Lesser Spotted Woodpecker  Dryobates minor)- Europe’s smallest Woodpecker is still a widespread resident but is sadly declining through much of it’s range particularly in Britain. They can be found in a range of different habitats from deciduous forests to orchards and parkland but from my experience they tend to need dead or decaying wood and I have seen them nesting in mature Alder tree’s in France and Lithuania. If searching for Lesser Spotted Woodpecker in Britain it isn’t a bad idea to look along river banks and wet woodland. Owing to their tiny size locating by call In early spring is the easiest way of finding one. They sound to my ear rather like a Falcon or perhaps Wryneck ( ). The small size is eyecatching as is the barred back (similar to the larger White backed Woodepcker). In flight the compact shape and undulating flight reminds me of a Hawfinch.  Males have a red forehead which the female lacks.

Male Lesser Spotted Woodpecker (above) and Female (below). Note the thin streaking to the underparts and the horizontal barring on the upperparts which creates a ‘ladder’ effect.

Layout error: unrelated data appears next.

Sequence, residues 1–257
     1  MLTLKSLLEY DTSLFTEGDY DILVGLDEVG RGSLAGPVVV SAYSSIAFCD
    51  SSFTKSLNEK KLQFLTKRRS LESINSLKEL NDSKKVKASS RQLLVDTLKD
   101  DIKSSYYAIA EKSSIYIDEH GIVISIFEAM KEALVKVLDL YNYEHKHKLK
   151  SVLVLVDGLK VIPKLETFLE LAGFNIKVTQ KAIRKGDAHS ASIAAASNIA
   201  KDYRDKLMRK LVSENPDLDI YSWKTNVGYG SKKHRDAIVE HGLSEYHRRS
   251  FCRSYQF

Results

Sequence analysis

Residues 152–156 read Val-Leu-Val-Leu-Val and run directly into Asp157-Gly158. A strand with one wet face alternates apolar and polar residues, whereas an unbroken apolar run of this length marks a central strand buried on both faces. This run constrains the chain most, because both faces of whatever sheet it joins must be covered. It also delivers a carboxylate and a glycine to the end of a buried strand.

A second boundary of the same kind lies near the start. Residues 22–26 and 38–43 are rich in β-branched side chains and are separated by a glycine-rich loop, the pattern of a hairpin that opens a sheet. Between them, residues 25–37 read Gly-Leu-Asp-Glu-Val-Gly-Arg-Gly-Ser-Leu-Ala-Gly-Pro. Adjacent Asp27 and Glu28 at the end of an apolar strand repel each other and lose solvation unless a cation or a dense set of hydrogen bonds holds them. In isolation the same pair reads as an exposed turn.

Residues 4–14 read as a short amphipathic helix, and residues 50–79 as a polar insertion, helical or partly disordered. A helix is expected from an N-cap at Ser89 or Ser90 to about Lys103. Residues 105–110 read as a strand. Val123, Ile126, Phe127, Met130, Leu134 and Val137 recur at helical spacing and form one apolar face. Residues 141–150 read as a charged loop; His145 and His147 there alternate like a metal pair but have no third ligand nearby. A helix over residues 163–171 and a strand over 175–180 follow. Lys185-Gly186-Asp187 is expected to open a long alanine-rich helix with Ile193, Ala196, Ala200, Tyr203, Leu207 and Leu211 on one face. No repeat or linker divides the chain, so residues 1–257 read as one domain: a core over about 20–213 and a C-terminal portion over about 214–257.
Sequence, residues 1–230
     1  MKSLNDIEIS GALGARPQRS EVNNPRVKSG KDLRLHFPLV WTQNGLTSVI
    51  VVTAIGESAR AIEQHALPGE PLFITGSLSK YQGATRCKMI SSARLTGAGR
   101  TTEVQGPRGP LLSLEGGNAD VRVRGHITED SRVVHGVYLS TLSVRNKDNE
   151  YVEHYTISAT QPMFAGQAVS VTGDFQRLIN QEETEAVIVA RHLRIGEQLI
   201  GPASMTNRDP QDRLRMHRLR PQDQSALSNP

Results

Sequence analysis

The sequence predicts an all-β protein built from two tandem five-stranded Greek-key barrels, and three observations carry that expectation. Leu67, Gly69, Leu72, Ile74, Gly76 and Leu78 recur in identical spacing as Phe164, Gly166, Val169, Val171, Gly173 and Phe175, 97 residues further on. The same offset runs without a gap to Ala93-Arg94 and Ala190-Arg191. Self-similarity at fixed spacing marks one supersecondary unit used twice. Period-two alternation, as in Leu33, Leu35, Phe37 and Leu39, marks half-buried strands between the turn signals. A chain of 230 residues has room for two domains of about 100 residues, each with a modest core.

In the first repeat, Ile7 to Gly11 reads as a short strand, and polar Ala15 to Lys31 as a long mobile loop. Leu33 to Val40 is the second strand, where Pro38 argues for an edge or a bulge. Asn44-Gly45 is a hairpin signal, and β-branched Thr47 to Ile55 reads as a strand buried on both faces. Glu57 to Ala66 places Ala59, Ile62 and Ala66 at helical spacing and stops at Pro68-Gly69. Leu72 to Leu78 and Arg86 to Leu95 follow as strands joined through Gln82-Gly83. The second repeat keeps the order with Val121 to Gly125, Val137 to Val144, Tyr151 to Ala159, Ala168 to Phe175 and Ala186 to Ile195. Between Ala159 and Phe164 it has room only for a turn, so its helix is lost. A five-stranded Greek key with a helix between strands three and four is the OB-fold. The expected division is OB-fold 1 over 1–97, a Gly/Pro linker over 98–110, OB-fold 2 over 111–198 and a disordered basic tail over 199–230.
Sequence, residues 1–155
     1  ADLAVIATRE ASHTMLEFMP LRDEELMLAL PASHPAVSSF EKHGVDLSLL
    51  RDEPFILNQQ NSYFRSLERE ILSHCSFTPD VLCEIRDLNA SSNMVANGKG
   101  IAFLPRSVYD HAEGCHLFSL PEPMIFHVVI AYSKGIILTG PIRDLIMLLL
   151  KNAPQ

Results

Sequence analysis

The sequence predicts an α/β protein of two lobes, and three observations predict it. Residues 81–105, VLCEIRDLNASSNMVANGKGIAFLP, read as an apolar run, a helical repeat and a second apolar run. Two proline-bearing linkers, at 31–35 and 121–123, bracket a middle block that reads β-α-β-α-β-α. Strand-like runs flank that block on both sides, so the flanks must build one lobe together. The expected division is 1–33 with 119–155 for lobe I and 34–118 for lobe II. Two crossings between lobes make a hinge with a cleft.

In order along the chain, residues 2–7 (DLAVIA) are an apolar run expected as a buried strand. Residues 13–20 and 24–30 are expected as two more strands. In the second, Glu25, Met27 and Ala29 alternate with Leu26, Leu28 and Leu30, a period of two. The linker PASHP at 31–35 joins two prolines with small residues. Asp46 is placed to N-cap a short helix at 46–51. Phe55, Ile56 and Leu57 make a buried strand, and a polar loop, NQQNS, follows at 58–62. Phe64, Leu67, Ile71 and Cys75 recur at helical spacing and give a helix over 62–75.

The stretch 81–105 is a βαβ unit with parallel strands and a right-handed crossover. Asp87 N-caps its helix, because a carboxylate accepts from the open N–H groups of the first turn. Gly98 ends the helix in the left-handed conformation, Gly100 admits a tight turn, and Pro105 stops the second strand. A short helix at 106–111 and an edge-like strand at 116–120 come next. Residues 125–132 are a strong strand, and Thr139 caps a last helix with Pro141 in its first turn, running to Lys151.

Black Woodpecker (Dryocopus martius) – This enigmatic Woodpecker is found throughout much of mainland Europe and despite breeding within view of Britain on a clear day from the forests of Northern France it has never been recorded in the UK. It seems to thrive in a multitude of different woodland habitats on the continent from ancient forests to vast conifer plantations (seems to do well In pine forests) and even urban parkland with the one essiential requirement being large mature tree’s in which to nest in.  The Black Woodpecker is surprisingly large and in flight is around the size of a Carrion Crow with a flight similar in style to a Jay. Note that the flight is not undulating unlike most woodpecker species. The jet black plumage, conspicuous white eye and ivory coloured bill also make the largest European Woodpecker unmistakable in a good view. The easiest way of locating them however is by voice at first ( ). Sexing birds is pretty straightforward with a clear view of the head as males have a red stripe extending from above the bill to the nape whilst in females the red is much more restricted to the rear of the head.